found that the farmers cooperated on the basis of their own dominant
needs. Those upstream were most worried about pests, and those down
stream worried about water shortages. Ramalingam explains the
researchers used ecological simulation models to show how humans were
reshaping the ecosystem, and how cooperative behavior emerged over time.
With the water temples as the nodes, he writes, the subak networks
were "a particular form of social organization shaped by a process of
cooperative agents co-evolving in a changing environment." By 2012, he
says, the government of Bali had arranged that the subaks would be
preserved in perpetuity as a vital part of the country's unique
cultural, social and economic farming system.
believes an understanding of complexity science and complex adaptive
systems can help cultivate new mindsets that will enable policy makers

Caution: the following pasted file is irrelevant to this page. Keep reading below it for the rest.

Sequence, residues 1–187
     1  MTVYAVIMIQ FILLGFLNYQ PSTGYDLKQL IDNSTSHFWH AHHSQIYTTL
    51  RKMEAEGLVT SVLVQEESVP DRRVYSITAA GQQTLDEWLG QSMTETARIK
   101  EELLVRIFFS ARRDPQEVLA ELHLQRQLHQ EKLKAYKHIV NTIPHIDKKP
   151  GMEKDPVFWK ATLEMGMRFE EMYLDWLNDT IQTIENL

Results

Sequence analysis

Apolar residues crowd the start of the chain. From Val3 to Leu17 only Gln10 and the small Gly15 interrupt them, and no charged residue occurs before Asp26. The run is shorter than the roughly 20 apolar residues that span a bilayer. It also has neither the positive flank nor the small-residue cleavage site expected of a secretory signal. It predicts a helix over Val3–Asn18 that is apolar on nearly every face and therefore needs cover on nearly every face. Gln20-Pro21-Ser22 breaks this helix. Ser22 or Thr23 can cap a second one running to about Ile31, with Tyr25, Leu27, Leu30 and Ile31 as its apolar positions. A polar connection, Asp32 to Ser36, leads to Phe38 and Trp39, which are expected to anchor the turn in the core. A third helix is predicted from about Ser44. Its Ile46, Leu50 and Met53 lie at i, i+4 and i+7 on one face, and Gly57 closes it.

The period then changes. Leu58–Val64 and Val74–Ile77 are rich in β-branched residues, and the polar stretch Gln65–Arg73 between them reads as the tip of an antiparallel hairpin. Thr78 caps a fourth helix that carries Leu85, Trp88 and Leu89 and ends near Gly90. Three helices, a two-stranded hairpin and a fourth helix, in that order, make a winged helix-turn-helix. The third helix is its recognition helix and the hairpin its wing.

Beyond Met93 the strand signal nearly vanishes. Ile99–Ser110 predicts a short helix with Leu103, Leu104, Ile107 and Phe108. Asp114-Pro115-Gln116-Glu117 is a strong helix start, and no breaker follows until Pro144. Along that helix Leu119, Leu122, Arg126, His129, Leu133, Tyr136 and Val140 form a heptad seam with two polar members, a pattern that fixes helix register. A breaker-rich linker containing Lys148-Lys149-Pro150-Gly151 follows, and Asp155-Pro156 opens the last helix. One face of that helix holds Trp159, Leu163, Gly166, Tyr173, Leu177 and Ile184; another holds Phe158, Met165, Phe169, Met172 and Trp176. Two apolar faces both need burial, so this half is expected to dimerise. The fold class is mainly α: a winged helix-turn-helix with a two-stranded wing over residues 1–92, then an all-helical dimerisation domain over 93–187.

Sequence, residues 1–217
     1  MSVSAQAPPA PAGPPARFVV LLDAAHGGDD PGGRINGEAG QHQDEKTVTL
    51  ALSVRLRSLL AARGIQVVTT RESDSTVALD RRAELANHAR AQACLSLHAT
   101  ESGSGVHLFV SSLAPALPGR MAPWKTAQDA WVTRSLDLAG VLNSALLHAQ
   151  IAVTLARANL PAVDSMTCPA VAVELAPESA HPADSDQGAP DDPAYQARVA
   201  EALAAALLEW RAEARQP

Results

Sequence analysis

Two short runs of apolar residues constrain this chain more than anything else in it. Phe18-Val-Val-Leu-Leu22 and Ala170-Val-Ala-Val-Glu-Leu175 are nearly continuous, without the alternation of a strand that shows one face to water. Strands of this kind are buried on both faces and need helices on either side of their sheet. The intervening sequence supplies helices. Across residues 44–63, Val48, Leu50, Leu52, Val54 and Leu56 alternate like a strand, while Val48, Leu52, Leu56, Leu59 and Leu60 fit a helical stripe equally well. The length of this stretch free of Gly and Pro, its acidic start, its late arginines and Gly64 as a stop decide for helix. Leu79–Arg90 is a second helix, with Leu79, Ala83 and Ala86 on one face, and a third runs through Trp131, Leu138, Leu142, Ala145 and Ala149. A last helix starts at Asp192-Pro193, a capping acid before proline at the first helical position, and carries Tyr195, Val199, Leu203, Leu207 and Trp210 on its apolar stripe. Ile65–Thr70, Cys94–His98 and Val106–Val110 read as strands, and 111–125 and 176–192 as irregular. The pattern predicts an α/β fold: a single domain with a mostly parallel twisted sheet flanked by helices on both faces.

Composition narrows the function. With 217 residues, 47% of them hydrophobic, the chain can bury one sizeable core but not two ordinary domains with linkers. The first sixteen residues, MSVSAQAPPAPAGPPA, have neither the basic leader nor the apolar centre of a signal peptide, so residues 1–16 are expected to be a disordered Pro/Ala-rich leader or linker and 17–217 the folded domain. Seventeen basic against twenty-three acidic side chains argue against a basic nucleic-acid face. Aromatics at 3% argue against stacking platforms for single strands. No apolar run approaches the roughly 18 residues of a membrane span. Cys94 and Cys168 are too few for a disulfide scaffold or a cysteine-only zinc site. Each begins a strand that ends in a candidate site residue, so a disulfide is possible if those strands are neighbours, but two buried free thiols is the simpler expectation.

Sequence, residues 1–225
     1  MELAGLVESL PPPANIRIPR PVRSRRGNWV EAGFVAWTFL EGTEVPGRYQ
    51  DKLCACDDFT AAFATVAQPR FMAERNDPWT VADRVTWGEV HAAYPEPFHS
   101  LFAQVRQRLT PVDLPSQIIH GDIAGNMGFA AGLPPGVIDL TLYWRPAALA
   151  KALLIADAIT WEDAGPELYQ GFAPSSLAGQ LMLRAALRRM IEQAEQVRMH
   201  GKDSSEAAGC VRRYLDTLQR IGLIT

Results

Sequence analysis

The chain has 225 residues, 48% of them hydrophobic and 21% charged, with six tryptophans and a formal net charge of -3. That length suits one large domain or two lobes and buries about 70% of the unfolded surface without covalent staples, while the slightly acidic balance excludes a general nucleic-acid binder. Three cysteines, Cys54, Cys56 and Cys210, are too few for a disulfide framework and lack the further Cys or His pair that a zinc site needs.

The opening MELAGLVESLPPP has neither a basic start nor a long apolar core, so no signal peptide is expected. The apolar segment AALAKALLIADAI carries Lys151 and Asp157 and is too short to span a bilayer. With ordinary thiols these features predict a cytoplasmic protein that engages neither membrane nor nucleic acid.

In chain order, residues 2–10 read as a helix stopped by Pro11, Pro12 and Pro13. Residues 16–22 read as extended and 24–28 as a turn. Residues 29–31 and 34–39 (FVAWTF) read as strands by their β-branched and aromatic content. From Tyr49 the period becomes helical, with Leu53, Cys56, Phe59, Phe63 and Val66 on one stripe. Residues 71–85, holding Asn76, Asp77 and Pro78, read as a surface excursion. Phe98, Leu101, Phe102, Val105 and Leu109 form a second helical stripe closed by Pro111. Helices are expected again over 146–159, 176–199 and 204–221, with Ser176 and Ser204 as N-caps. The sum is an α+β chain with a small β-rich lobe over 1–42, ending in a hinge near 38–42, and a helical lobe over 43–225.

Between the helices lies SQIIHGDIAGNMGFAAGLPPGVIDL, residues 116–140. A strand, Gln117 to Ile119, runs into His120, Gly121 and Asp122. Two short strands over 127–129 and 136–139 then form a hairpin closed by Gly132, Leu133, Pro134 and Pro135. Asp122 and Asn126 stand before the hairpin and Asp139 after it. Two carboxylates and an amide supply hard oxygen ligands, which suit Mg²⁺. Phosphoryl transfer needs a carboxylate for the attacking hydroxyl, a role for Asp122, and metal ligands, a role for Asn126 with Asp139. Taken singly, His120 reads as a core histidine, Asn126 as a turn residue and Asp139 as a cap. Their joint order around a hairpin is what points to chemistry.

and program designers to increase effectiveness as they try to improve
health and economic conditions, reverse adverse impacts of climate
change, and build peace in war ravaged areas. He provides lucid
examples and commentary on the work of many complexity scholars,
including John Holland, Stuart Kauffman, Jane Jacobs, Herbert Simon, Joshua Epstein, a scholar of agent based modeling, and Warren Weaver, a mathematician who wrote an influential paper on "Science and Complexity" in 1948. He quotes Friedrich Hayek's
1974 Nobel acceptance speech in which the economist said we can't
acquire enough knowledge to master complex events, so we need to use the
knowledge we can get to "cultivate a growth by providing the
appropriate environment" for growth the way a gardener does for plants.